The impact of the dietary potential inflammatory effect on diabetic kidney disease (DKD) has not been adequately investigated. The present study aimed to explore the association between dietary inflammatory index (DII) and DKD in US adults.
This is a cross-sectional study.
Data from the National Health and Nutrition Examination Survey (2007–2016) were used. DII was calculated from 24-h dietary recall interviews. DKD was defined as diabetes with albuminuria, impaired glomerular filtration rate or both. Logistic regression and restricted cubic spline models were adopted to evaluate the associations.
Data from the National Health and Nutrition Examination Survey (2007–2016) were used, which can provide the information of participants.
Four thousand two-hundred and sixty-four participants were included in this study. The adjusted OR of DKD was 1·04 (95 % CI 0·81, 1·36) for quartile 2, 1·24 (95 % CI 0·97, 1·59) for quartile 3 and 1·64 (95 % CI 1·24, 2·17) for quartile 4, respectively, compared with the quartile 1 of DII. A linear dose–response pattern was observed between DII and DKD (Pnonlinearity = 0·73). In the stratified analyses, the OR for quartile 4 of DII were significant among adults with higher educational level (OR 1·83, 95 % CI 1·26, 2·66) and overweight or obese participants (OR 1·67, 95 % CI 1·23, 2·28), but not among the corresponding another subgroup. The interaction effects between DII and stratified factors on DKD were not statistically significant (all P values for interactions were >0·05).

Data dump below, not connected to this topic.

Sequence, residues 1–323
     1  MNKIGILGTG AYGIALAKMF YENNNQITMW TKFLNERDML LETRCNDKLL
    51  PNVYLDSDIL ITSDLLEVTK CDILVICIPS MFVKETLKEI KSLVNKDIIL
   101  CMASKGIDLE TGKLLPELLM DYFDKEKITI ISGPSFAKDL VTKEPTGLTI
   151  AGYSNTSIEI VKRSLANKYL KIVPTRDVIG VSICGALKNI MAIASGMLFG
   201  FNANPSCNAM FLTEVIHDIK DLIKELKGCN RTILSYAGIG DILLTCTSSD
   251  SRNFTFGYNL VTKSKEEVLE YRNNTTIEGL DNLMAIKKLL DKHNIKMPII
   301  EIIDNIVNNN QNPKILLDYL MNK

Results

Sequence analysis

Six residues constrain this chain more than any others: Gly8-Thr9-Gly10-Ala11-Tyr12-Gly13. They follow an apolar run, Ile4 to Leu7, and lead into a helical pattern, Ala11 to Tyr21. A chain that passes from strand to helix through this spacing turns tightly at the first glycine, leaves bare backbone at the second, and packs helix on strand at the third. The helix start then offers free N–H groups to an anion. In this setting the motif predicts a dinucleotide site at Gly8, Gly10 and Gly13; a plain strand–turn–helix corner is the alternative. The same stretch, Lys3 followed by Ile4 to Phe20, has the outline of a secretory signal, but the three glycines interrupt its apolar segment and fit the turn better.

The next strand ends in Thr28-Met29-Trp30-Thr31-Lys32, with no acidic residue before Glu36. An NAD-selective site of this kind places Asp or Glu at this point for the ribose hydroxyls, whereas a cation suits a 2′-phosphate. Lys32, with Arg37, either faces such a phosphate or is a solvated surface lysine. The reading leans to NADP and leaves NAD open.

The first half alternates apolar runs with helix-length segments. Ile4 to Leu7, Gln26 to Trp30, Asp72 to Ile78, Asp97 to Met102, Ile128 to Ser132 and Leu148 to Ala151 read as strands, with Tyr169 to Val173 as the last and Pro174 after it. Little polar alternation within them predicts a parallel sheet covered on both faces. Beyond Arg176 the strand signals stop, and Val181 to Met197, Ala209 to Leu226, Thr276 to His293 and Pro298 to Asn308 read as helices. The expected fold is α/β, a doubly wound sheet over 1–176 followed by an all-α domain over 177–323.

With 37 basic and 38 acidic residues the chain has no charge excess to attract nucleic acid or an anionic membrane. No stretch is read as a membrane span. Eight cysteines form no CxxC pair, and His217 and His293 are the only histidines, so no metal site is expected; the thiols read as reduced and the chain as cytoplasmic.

Our findings suggest that a pro-inflammatory diet, shown by a higher DII score, is associated with increased odd of DKD.